Not too many folks at a rod run or local cruise night are sitting around bragging about how great their night vision is these days. It's just a function of age and if you're over 40 or 50 years old, chances are you've noticed a marked reduction in night vision. Plus, with the vast improvements in lighting on late-model cars, we've come to expect better lighting. Since this particular writer is well into the night blindness years, it seemed reasonable to look for some auxiliary lighting for the '40 Ford pickup located in the garage.

Like anything you choose to put on a street rod, there must be a reasonable mix between form and function. Sure it's important to see well at night, but let's face it, not at the expense of losing all-important style points. While it is important that one arrive at the rod run, it is even more important that you look cool upon arrival. And so our search for appropriate night lighting began in earnest in the swap meet at the NSRA Nats East in York, Pennsylvania. It was there that we stumbled across a very nice King Bee foglight, complete with a 6-volt sealed beam and mounting bracket. After some negotiation we left with light-some $70 lighter n the pocket.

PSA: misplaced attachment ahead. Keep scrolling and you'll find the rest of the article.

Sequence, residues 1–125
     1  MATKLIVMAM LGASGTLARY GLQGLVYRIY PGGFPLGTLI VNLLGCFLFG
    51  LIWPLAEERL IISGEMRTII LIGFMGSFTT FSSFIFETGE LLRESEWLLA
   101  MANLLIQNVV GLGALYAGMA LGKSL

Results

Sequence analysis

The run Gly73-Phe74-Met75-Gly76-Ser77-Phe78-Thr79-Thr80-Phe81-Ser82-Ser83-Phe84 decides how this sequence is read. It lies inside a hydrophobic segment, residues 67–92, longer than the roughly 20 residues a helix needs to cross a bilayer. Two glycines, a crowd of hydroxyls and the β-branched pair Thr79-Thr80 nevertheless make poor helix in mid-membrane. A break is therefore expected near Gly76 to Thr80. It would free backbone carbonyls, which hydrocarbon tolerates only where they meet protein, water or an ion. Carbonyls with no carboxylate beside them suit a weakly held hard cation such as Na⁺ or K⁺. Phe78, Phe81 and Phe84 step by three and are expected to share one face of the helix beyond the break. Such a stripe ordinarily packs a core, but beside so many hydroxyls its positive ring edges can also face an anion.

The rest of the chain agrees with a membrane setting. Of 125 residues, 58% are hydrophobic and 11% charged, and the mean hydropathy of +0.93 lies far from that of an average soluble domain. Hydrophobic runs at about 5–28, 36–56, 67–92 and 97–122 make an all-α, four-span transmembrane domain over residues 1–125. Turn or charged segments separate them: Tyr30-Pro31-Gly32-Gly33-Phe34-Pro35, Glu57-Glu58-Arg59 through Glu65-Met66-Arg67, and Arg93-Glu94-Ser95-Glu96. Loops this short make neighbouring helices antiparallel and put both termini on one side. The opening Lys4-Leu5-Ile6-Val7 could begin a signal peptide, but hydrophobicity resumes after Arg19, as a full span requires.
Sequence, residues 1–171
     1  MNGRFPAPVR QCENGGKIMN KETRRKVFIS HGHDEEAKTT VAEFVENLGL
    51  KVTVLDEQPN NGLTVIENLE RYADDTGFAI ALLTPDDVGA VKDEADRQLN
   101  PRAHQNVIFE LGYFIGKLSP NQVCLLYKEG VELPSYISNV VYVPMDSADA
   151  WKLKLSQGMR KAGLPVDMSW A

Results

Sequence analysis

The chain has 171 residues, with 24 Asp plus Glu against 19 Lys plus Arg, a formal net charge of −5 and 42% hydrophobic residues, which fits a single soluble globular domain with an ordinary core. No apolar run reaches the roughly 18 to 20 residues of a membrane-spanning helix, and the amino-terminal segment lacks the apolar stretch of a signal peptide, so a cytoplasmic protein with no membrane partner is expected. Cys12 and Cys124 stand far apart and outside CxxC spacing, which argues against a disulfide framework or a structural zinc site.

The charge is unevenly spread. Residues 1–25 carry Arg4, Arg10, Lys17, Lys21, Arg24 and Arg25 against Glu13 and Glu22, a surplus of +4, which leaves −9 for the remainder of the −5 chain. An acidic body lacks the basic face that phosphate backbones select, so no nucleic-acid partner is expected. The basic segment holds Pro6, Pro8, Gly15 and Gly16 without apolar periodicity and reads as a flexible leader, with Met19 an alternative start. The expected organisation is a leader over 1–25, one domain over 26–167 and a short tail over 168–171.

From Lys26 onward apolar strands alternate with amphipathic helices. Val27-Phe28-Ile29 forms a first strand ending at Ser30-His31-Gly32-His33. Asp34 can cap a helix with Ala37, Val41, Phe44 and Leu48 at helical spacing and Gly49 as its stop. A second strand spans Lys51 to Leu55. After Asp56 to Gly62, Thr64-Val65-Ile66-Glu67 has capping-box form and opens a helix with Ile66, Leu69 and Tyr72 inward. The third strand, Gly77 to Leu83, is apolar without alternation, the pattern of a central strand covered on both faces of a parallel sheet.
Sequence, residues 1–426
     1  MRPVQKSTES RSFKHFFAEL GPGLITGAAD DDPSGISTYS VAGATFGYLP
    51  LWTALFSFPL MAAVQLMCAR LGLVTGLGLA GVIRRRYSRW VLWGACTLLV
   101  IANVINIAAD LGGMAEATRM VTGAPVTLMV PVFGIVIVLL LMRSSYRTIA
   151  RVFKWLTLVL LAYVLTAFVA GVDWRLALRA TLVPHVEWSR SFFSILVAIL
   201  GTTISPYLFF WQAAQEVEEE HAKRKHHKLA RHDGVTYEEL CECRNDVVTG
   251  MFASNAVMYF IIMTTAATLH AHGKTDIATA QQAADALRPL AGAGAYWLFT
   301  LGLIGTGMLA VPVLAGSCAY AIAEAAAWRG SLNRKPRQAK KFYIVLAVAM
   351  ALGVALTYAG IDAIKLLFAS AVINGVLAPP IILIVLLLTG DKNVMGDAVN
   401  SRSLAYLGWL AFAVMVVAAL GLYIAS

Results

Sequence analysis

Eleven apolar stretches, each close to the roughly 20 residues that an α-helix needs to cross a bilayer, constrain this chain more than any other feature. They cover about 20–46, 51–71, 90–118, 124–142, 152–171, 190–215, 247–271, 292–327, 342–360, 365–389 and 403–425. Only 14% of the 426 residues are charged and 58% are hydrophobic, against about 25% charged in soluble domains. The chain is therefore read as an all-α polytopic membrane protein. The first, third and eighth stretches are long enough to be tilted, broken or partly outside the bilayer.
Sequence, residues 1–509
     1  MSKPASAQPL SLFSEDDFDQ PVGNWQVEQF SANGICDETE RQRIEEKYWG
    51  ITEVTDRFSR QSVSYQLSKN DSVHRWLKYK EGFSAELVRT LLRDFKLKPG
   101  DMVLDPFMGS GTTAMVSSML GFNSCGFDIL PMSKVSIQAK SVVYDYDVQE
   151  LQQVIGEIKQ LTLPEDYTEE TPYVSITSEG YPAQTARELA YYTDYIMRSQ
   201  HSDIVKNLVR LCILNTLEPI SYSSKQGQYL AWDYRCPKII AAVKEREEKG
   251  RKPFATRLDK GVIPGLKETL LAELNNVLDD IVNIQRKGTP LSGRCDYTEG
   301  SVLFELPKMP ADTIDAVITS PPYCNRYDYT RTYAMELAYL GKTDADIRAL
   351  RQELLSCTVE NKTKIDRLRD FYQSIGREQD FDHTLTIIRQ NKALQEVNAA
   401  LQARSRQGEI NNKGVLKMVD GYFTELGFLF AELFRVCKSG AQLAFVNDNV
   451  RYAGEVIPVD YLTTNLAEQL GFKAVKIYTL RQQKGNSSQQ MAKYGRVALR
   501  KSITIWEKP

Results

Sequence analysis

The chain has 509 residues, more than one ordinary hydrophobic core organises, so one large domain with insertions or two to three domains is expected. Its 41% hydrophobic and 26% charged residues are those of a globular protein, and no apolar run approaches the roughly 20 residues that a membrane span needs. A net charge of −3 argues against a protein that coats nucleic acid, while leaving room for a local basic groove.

We considered running just one light, it's kind of trendy to do the single light, asymmetrical trick these days, but we had two problems with this approach. Namely, since both eyes lack good night vision, which side to mount the foglight on became a bit of a tough decision. The second problem is the whole trendy one-light thing, and so we decided to look for a second light. This arduous task involved literally walking about 30 feet to chat with longtime vintage parts vendor and friend Nick Nerriccio. Same swap meet, same aisle, Nerriccio has tons of old speed equipment and a long love of '33-42 Willys automobiles too. If he doesn't have a part he often knows who does.

Nerriccio sees the light and says, "You need King Bee foglights? I must have a half dozen of them at the shop." This made me wonder why I just didn't ask him in the first place, but anyway after dropping him an email (mrnick@cox.net) and agreeing on a price, a second King Bee foglight arrived via the brown truck.